You make some great points, and I do hope that he eventually does go back to character driven stuff like Jackie Brown and Pulp Fiction. However, the thing I like so much about his last couple of films (Kill Bill and Inglourious Basterds) is that they combine entertainment value, wit and craftsmanship on a much greater level than most films released over the past several years. They provide a form of epic entertainment that just isn't found in cinema anymore. It seems like nowadays (with some exceptions) movies are divided into dumb as bricks and Oscar bait. Tarantino films don't fall into either of those categories. When his films come out they bring us back to a time when the best action/adventure film of the year wasn't Pirates of the Caribbean 9.

He also generates suspense unlike any other working in the business today. This is very advantageous in the kinds of films that he has been making lately.

Last edited by Bourne101; 04-30-2011 at 08:52 PM..
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  #8  
Old 04-30-2011, 08:35 PM
I'm as exited about QT's next project as anybody, but really? Django Unchained? Another obnoxious meta exercise? I know Django is thrown into dozens of spaghetti westerns since Franco Nero's film but the title crosses the line into jerk-off fanboy waxing. He just made a movie with a title incorporating another cult film, and even Jackie Brown as a title was a little too much of a wink at Pam Grier's Foxy Brown... what's next? QT presents: "Strike of a Rolling Thunder"? "Behind the Yellow Door"?, "My Name is Nobady" (misspelled for quirky aesthetic flair). This title gets a huge thumbs down from me.

I'm pretty much on QUENTIN's (our insightful schmoe, not... uh, the filmmaker we are talking about) side of the fence with this project. Although I do confess my love for Inglourious Basterds, despite many annoying grindhouse moments in it.

It's not enough for Tarantino to say his next film will be great, it's always, like QUENTIN mentioned, superficially motivated. "my next film is my exploitation revenge movie", "my next movie is my homage to grindhouse, a slasher on wheels", "my next movie is my southern", "my next movie is my exploitation guys on a mission movie". Can you imagine how he would have described Pulp Fiction in these simple terms? He couldn't.

Like I said, I still love Tarantino, I just wish he'd grow as a filmmaker... Movies like Pulp Fiction and Jackie Brown seem like the kind of thing the guy who made Death Proof would mature into, instead of the other way around.
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  #9  
Old 04-30-2011, 08:49 PM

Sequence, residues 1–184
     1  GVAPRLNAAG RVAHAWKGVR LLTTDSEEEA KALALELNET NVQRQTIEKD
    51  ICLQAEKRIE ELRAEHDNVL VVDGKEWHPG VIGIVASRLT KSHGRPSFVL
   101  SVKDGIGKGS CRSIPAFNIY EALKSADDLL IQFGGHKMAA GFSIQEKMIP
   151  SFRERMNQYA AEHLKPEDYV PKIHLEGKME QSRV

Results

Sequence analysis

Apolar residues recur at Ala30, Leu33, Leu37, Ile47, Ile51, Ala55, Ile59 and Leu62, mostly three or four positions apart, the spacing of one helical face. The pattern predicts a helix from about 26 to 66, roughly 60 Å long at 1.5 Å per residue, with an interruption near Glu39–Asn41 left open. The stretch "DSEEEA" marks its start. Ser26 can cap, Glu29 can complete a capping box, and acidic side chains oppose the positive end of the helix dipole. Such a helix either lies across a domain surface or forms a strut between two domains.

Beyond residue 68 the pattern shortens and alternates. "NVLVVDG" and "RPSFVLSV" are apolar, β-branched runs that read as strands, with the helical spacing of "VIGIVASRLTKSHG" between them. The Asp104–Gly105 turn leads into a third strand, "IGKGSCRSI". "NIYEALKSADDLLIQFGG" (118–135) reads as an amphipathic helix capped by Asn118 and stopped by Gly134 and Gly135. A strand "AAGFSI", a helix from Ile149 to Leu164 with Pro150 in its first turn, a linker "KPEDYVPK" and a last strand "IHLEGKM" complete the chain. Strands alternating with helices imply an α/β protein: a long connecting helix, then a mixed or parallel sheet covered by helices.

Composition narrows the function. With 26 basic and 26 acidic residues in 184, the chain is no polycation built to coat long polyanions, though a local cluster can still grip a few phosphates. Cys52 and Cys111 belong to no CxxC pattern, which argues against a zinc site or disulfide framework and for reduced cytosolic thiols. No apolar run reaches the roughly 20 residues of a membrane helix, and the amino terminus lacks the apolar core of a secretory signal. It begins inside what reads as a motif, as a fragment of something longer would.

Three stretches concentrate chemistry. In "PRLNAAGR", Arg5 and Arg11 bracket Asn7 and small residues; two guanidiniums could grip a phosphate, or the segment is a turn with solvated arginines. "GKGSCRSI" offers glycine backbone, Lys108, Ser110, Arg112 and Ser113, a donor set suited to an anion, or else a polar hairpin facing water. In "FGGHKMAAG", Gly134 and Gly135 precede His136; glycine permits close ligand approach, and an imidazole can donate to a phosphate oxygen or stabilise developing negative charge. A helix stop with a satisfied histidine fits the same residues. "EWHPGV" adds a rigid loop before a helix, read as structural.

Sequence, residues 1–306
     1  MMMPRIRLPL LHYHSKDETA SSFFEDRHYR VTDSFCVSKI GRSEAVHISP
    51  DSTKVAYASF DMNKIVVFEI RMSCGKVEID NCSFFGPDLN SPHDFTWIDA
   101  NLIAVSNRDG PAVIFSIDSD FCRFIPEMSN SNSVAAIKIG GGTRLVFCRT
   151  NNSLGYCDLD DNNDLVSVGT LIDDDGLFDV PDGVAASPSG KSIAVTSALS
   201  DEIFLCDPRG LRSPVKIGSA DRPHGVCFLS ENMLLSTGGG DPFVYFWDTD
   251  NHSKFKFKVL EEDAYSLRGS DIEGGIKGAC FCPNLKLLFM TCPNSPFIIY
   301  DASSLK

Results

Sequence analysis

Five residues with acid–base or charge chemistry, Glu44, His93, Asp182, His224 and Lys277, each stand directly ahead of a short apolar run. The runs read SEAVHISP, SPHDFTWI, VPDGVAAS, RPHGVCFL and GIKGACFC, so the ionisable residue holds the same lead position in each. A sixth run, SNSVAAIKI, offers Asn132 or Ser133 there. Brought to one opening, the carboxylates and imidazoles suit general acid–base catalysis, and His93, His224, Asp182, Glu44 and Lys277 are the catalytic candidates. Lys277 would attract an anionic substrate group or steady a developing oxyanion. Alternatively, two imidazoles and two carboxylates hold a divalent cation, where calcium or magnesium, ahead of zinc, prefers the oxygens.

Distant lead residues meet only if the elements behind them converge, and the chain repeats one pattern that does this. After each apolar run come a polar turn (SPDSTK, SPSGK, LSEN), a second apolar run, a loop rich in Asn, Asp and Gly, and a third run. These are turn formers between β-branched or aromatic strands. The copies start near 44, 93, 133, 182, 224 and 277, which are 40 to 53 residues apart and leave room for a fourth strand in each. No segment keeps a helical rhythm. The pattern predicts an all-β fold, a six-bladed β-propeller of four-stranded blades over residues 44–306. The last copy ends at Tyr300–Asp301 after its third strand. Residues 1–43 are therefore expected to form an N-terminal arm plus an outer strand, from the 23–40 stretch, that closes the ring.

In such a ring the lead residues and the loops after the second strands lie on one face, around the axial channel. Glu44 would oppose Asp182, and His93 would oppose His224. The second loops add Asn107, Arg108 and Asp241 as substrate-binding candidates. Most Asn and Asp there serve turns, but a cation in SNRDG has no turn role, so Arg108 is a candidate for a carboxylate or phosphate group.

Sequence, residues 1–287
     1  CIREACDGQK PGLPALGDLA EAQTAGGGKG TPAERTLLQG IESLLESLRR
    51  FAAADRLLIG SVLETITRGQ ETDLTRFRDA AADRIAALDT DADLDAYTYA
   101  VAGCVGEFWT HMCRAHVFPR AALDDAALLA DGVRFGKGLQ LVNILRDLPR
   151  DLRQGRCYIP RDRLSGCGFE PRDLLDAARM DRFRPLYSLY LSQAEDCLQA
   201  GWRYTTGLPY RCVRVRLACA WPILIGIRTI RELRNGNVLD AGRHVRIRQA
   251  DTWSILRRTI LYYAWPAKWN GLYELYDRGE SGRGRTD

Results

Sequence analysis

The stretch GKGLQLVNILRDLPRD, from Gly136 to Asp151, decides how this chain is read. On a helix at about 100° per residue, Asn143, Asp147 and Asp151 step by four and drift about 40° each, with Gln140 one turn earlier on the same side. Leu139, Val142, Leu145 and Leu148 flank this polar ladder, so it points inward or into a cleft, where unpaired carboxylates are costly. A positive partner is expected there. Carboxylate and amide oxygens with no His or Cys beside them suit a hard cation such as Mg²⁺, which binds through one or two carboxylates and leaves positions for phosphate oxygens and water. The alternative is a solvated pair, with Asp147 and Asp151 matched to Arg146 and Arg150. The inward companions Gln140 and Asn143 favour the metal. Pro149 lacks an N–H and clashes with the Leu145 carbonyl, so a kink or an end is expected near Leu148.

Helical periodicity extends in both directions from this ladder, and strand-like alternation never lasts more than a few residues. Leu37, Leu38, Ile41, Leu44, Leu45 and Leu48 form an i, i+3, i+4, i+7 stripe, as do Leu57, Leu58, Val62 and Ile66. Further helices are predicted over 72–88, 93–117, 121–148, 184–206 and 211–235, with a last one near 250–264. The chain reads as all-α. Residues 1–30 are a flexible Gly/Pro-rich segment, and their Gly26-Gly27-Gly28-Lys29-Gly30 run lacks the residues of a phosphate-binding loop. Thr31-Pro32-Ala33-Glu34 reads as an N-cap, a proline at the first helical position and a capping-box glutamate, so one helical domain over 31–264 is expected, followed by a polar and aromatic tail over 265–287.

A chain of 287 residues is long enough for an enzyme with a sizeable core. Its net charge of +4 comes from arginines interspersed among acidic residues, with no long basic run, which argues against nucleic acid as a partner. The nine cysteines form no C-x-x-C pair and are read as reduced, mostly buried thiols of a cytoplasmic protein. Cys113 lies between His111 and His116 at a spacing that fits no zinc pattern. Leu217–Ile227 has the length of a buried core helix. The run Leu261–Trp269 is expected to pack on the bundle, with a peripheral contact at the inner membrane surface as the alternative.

Quote:
Originally Posted by Bourne101 View Post
You make some great points, and I do hope that he eventually does go back to character driven stuff like Jackie Brown and Pulp Fiction. However, the thing I like so much about his last couple of films (Kill Bill and Inglourious Basterds) is that they combine entertainment value, wit and craftsmanship on a much greater level than most films released over the past several years. They provide a form of epic entertainment that just isn't found in cinema anymore. It seems like nowadays (with some exceptions) movies are divided into dumb as bricks and Oscar bait. Tarantino films don't fall into either of those categories. When his films come out they bring us back to a time when the best action/adventure film of the year wasn't Pirates of the Caribbean 9.
I do agree with this. Maybe not with IB so much which I didn't think was that consistently entertaining and had a lot of fat mixed in, but Kill Bill is the best action movie of the 2000s and some of the most fun I've had in a theater. When he's on, he can do genre work as well as anyone (though Death Proof was a misstep even in that regard). It's not high art, but it's relatively smart and it's astonishingly well put together with virtuoso style that makes for a great time at the movies.

While I think they're a different beast, there's nothing wrong with action/adventure flicks. Raiders of The Lost Ark is fucking awesome and it also just uses Nazis as a backdrop for a fun ride (though critically, Spielberg would not pretend he was doing something daring or revealing or important with it - he saved that for Schindler - so it's not as pretentious). However I think I'd get sick of Spielberg movies if all he ever did was variations on Raiders given his talent (and I don't even think he's as talented as Tarantino) especially if his career had demonstrated all his talent for greater things up front (if Schindler and Munich were his second and third movies) and then stayed mired in throwbacks to 30's serials for the next 15 years. If Tarantino wanted to make something like Kill Bill, Basterds, Death Proof, or this Django every now and then for fun I wouldn't begrudge him so much if he also branched out more, pushed himself, and made challenging fare dealing with real characters and relationships interspersed. It's that all Tarantino seems interested in or willing to do now is basically what directors with a tenth of his skills did 40 years ago that strikes me as a shameful waste.

Last edited by QUENTIN; 04-30-2011 at 09:59 PM..
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  #10  
Old 04-30-2011, 09:35 PM
I think if Tarantino branched out we'd get just get a violent and more talkative version of Jersey Girl